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First chance to fly my brand new Litesport3 at Tunkallilla, our big coastal site, on Sunday… and what a day it was! Took a while to set up my little sweetie for the first time, of course, but setting up flat on the clean, dry grass was straightforward and I had no trouble tensioning the tip wands. Fitted the wheels, a very thorough preflight, and I was ready to go!

People made admiring comments, although some expressed doubt as to my colour scheme (“did you actually, like, CHOOSE those colours?!?”), which I picked partly because they’d be unique (“for good reason”, my daughter commented drily, ha-ha) and easy to see in the sky.

Geoff also had his first flight in his orange and blue Litesport4, the bargain he’d picked up in NSW (see my blog).

I ran off the hill and WOW! I couldn’t believe it. I just went up, and up and up! Geoff later said that in the first 5 minutes in his wing, he got higher than he’d ever been at the site. Yes, it was an epic day – huge fat mellow thermals, light wind, just perfect air – the sort of special day that only happens a few times a year here, but nevertheless the feel of the wing was so different from the Shark. The Shark is a really sweet glider but is kinda stodgy and unwilling in comparison. The litesport felt so light (and it is literally lighter, almost 5 kg lighter than the Shark) and responsive to the air, so much like it wanted to fly and go up, and when I hooked it into the first thermal, I was amazed again. My little Shark is a sweet glider but to my surprise the Litesport is easier to thermal. Once banked it sits in the bank nicely, doesn’t wind in or out, so you need only tiny control inputs to finesse the core, rather than constant high-siding. It was also easy to sort of slow up the inside wing and kind of yaw up around it with it almost stationary in these mellow thermals – don’t know the technical term for this but it was fun and automatic. Someone told me that’s just a characteristic of curved tip gliders but I’ve never thermalled in one before so it was a new and wonderful experience. Yeehhaaa!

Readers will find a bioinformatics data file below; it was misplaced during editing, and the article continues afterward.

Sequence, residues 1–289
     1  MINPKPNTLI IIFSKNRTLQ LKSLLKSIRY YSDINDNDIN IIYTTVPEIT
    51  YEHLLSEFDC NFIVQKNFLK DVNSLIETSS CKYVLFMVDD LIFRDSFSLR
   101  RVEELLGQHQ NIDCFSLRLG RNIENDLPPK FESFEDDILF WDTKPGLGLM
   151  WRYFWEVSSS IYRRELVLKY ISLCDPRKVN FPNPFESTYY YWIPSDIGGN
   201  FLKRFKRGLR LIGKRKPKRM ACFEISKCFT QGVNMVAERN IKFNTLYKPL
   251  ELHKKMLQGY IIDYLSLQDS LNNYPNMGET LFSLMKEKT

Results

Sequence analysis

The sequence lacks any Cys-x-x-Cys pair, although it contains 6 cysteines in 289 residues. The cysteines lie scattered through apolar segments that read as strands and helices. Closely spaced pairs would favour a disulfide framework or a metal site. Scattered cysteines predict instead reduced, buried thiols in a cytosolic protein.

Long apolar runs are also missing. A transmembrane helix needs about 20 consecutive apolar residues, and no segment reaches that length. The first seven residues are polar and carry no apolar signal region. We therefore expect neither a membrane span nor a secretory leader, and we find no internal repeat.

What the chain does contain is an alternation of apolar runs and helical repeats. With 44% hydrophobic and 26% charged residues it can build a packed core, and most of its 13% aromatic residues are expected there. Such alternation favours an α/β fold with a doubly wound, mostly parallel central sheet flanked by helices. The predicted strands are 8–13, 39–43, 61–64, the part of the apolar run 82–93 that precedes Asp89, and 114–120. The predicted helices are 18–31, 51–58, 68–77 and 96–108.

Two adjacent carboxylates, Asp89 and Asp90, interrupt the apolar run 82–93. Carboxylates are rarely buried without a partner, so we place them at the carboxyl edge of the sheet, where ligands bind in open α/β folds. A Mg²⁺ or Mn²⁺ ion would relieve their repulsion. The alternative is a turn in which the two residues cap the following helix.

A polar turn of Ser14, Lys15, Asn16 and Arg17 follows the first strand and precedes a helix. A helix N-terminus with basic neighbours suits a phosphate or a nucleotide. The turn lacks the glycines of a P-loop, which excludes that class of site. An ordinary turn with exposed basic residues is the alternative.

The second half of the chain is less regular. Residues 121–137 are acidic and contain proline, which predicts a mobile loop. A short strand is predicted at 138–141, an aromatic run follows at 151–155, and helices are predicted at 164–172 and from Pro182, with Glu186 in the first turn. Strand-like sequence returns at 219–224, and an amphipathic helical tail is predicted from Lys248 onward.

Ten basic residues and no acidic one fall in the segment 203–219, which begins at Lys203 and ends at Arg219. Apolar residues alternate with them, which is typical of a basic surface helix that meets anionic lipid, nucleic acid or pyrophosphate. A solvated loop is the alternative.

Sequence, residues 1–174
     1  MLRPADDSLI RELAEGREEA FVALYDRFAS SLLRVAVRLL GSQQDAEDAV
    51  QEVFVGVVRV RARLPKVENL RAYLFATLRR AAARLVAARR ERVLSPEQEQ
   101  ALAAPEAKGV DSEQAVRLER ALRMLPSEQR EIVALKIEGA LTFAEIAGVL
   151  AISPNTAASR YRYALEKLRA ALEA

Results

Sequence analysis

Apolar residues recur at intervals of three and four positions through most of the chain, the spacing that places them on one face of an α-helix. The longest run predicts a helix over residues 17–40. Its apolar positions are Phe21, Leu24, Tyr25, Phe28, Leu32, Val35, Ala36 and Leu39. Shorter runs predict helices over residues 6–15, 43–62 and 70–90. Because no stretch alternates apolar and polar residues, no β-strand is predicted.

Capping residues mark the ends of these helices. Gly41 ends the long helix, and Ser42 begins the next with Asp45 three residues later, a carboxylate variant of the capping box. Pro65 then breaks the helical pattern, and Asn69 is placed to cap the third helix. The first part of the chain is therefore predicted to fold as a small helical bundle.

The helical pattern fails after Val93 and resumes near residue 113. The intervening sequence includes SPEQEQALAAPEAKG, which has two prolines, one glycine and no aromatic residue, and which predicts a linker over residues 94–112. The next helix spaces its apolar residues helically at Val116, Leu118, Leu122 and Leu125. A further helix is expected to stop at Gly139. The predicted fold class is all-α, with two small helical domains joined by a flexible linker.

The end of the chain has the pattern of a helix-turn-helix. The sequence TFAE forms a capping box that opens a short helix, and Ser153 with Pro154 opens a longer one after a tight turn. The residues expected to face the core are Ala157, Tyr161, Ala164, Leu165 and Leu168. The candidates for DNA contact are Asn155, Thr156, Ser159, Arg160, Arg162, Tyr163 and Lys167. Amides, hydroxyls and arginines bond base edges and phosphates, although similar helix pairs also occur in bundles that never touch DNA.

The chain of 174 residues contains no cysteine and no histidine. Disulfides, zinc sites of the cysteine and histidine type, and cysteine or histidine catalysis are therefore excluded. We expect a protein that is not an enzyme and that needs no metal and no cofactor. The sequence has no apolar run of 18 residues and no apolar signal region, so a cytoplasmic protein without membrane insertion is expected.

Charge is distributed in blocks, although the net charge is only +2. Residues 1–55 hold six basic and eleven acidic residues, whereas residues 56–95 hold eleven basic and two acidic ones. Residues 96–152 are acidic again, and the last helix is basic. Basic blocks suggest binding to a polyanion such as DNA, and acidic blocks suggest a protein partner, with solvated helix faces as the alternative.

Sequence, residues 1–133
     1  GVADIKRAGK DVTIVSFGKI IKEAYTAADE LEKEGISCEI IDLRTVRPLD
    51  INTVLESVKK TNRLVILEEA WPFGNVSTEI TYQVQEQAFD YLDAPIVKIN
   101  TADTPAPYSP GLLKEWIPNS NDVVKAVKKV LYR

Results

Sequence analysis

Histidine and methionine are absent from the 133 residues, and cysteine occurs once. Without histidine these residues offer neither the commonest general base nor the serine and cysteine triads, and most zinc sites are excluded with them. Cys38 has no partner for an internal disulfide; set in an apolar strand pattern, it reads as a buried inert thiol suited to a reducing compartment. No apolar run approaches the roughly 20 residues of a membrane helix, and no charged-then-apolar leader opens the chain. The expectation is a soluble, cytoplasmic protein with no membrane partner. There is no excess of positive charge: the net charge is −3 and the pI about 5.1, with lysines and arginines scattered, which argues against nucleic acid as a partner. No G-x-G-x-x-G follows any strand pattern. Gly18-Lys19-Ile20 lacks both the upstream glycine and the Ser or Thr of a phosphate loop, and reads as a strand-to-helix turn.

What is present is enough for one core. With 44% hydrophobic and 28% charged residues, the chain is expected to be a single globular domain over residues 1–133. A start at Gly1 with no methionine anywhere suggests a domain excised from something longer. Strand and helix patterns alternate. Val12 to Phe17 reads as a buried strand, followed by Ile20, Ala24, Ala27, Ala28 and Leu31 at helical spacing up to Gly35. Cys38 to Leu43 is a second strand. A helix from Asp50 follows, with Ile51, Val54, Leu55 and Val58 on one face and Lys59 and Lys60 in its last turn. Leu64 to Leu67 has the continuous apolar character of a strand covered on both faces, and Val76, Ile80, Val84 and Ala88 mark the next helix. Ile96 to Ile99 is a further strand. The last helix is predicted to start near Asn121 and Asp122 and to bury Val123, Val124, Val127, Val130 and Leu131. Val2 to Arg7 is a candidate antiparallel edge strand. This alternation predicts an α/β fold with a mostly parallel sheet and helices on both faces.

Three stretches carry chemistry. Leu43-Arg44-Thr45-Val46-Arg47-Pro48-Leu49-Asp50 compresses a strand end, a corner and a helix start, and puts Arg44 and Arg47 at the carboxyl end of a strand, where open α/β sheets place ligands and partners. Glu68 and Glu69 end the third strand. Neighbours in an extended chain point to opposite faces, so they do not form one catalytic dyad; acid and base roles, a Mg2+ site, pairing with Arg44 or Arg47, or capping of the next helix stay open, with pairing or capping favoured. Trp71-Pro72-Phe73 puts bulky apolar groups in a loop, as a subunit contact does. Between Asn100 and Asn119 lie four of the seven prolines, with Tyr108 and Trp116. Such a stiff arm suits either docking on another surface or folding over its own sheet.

The handling is only marginally heavier than the Shark, not a problem at all, although at 69kg I’m at the heavy end of the weight range, which gives me an advantage. Not that it seemed to make much difference – I had no problems going up! The glider seemed to surge forward and up into the thermals, and the sensitivity of the wingtips made it easy to feel and turn early towards any lift.

I’d flown a friend’s Litesport at another, non-thermic coastal site, and loved the wing then, but I had no idea just how fantastic it is for thermalling.

I had plenty of height (about 1500’ agl) so I put the glider through Easterly Plumbing’s suggested list of paces, all without VG at first, then with VG at different settings.

First, hands off flying to check the trim – definitely not too slow, no porpoising and fell away equally to both sides. Then a few stalls and maybe it is trimmed a bit fast, because I couldn’t get it to stall even at full arm extension (though I was hanging slightly high in my lightweight harness, about two fists rather than one above the basebar; will have to try it with my XC harness for which the hangloop is measured and in which I’ll be my preferred one fist up). When I pushed out with stretched fingertips, I was only just able to induce a stall, a mush really. I didn’t try a stall with full vg.

Then I did turns at increasing bank angles and speeds, with corresponding roll reversals, first without VG and then with VG. It’s very stiff in the turn at what I thought was full VG, (but later when packing up I realized wasn’t – have yet to mark the cord) but, with no VG as when scratching or thermalling close to the ridge, roll reversal was amazingly good (all that carbon maybe, and my extra kilos).